If you’re a fan of alternative nut butters, pay attention. A multi-state outbreak of the infamous 0157:H7 strain of E. coli has been reported by the Center for Disease Control (CDC) and is now currently being investigated by the FDA, the CDC, in the states that the outbreak has occurred.

Investigations have indicated that I.M. Healthy SoyNut Butter is the likely food containing the bacteria, as all of those who were infected and interviewed consumed the spread within the past week. Since E. coli O157:H7 has an incubation period of 2-8 days, it’s likely to be the source of this outbreak.

So far, sixteen people from nine different states across the country have reported being infected with this nasty pathogen, and at least six have been hospitalized as a result. Eleven of the twelve infected are under eighteen years old.

E. coli o157:H7 is one of the most notorious food-borne pathogens out there. It produces a Shiga toxin that causes symptoms like nausea, vomiting, and bloody diarrhea that usually wear off after a week. In several cases when the symptoms last longer, it can result in a type of kidney failure known as Hemolytic Uremic Syndrome (HUS) that requires immediate medical care. A third of the infected in this outbreak have developed HUS so far.

A post shared by I.M. Healthy (@soynutbutterco) on

Right now, the CDC is recommending that nobody eat the I.M. Healthy brand of SoyNut butter or its granola products, which are coated with the SoyNut butter. Schools and other institutions are being asked to not serve any of these products as well.

SoyNut Butter has also issued a voluntary recall of their products with specific “best by” dates between July and November of 2018. A family has sued the company, according to the Chicago Tribune, regarding the outbreak, which resulted in their son being hospitalized with HUS after ingesting some of the SoyNut Butter.

If you have a jar of this product, make sure to not eat it. It’s probably best to dispose of it as well to prevent more E. coli-related diseases from occurring.

Fast Food

This Is Who Chipotle’s Blaming For Scaring Their Customers Away


Chipotle’s in the news again. No, people haven’t gotten sick from another outbreak of E. coli or norovirus. At least that we know of. Rather, the fast-casual Mexican Grill called out the Centers for Disease Control and Prevention in a letter for scaring away their customers.

According to Chipotle’s lawyers, the CDC was too eager to update the public on all the food borne illnesses that happened at the restaurant chain. This led to unnecessarily intensifying the public’s concern.

While Chipotle admits that early announcements of all the outbreaks were important to public safety, the ones that followed were only scared patrons rather than provide further, or useful, information.

The CDC responded with a letter also, saying that they followed the guidelines to protect and inform the public during all the stuff that went down last year. They felt all the updates served a purpose as the threat was still “ongoing.”

Do you think Chipotle was right to call the government agency out? Or do you feel better being up-to-date with every detail that went down during the outbreaks?


So Americans are Twice as Fat Because We Eat Twice as Much? You Don’t Say [INFOGRAPHIC]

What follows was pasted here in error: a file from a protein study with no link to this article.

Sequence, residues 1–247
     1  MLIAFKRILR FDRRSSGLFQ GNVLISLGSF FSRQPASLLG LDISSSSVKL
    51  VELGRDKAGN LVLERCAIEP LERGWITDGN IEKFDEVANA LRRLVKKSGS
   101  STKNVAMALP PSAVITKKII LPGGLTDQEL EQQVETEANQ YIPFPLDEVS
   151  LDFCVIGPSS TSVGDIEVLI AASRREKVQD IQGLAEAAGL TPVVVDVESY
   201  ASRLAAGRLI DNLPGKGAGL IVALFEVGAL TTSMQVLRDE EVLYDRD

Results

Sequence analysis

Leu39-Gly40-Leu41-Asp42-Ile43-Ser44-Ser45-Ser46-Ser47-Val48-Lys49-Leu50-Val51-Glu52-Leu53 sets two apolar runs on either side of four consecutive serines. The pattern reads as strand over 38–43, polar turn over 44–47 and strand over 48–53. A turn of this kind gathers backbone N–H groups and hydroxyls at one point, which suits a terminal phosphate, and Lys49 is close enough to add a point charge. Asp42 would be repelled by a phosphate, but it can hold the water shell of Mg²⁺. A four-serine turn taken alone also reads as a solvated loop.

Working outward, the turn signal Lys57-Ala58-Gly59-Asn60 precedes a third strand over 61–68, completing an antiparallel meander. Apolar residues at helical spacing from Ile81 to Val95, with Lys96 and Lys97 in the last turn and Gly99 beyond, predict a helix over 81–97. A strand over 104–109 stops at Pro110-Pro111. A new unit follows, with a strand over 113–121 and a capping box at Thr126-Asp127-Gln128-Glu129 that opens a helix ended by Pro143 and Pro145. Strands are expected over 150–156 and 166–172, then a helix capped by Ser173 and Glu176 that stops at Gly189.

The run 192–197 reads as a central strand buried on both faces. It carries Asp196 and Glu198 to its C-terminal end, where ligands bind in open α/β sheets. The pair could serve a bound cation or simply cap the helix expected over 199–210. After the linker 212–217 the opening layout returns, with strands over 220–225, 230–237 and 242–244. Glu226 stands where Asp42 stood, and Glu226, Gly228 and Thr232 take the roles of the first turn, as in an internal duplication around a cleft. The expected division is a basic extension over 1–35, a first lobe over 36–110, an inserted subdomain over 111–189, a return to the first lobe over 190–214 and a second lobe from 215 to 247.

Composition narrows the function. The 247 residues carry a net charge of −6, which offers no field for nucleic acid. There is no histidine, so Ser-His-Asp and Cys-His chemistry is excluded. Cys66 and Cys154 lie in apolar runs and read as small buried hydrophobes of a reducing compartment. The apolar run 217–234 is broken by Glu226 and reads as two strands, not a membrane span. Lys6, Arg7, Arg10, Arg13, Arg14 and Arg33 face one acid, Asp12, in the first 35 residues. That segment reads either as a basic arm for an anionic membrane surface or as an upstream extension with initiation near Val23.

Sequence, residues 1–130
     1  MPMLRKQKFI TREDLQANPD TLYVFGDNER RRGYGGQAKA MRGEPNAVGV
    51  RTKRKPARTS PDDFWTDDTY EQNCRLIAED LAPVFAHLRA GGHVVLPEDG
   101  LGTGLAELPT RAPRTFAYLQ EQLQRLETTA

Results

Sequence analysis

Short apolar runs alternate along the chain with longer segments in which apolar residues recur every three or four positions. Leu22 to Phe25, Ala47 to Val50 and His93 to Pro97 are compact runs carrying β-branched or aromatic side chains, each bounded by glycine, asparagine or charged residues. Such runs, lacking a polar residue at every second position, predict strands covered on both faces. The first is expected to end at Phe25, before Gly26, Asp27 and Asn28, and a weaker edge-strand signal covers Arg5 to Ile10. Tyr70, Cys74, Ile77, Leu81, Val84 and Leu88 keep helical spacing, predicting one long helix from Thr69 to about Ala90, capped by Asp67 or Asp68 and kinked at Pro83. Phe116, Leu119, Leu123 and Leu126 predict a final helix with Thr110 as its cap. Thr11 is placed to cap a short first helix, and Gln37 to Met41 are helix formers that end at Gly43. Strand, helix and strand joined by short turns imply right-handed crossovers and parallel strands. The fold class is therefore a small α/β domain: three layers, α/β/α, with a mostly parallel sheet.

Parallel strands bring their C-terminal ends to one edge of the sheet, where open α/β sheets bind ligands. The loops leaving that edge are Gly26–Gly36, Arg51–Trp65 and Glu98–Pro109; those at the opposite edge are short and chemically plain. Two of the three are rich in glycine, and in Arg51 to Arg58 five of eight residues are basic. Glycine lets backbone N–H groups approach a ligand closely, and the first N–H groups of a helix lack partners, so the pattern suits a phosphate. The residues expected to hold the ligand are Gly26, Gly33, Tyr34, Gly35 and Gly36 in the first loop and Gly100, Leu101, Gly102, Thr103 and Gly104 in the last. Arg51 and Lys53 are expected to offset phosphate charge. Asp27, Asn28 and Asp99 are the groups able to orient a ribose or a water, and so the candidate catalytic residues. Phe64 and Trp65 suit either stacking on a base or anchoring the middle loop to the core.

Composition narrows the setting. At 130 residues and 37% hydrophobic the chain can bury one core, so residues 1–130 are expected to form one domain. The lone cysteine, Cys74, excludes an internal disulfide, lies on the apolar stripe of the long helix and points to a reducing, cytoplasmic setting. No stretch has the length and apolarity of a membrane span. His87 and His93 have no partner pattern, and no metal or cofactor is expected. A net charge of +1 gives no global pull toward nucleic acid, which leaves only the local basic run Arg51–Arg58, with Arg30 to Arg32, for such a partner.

A recently released infographic may help you better visualize the fact that even in this post-Super Size Me world, Americans are still eating too damn much.

Comparing U.S. serving sizes today with U.S. sizes 20 years ago reveals that today’s plates have at least doubled and in some cases quadrupled since 1992. Your average bag of movie popcorn back then was only five cups and 270 calories, and have since mutated to the 11 cups and 630 calories we have today. That’s 2000 calories just from sitting through the Dark Knight trilogy alone. Holy Deep Fried Lamb Balls, Batman!

The chart also compares portions between the U.S. and the rest of the world and reports that people gain weight just by moving here, notable cases including a group of Asian young adults who gained five pounds “soon after arriving” as well as a group of Tarahumara Indians from Mexico who gained nearly 10 pounds in five weeks after adopting the American diet.

According to the CDC, obesity rates are projected to rise up to 42% by 2030, up from the current 34%, which is itself an improvement over the 9.7% back in the 1950s.

Here’s to news that will surprise (and change the dietary habits of) exactly no one.

See the whole infographic for yourself here:



Salmonella Outbreak in Sushi Rolls On

It might be a good idea to lay off the sushi for a while as it has been doing damage across the United States. As of May 2, a reported 258 people in 24 different states and the District of Columbia have gotten sick from two different strands of salmonella found in raw scraped tuna.

The sicknesses have been linked to the salmonella Bareilly strain and salmonella Nchanga infections. Reportedly, at least 247 have been linked to Bareilly and another 11 to Nchanga.

The Center for Disease Control and Prevention first reported the outbreak on April 4 and is still investigating the outbreak.

The states affected, along with the number of those affected are: Alabama (2), Arkansas (1), California (2), Connecticut (9), District of Columbia (2), Florida (1), Georgia (10), Illinois (23), Louisiana (3), Maryland (24), Massachusetts (27), Mississippi (2), Missouri (4), Nebraska (1), New Jersey (25), New York (39), North Carolina (4), Pennsylvania (20), Rhode Island (6), South Carolina (3), Tennessee (2), Texas (4), Virginia (16), Vermont (1), and Wisconsin (16).

Luckily, no deaths have been reported, but 32 victims have been hospitalized.

Moon Marine U.S.A. Corp. was linked as the probable cause of the outbreak and in mid-April, it recalled 58,828 pounds of its frozen tuna product.

Two women from Wisconsin said they became ill after eating the tainted sushi and have filed lawsuits against Moon Marine. One of the women was comfortable enough to share that she suffered from bloody diarrhea.

The CDC estimated that for every salmonella infection detected, 29.3 cases go unreported. Using that multiplier, 7,559 people may have been affected so far by the tainted tuna outbreak.

Not only sushi, but Moon Marine tuna is usually used for sashimi and ceviche, as well as dishes in some restaurants and grocery stores.

Most symptoms of salmonella will usually occur within 12 to 72 hours. Symptoms include diarrhea, fever, and abdominal cramps.

Illnesses that occurred after April 4 might not be reported yet. If you feel you have suffered any symptoms, it is suggested to contact a healthcare provider.

[Thx CDC, Vitals and NY Daily News]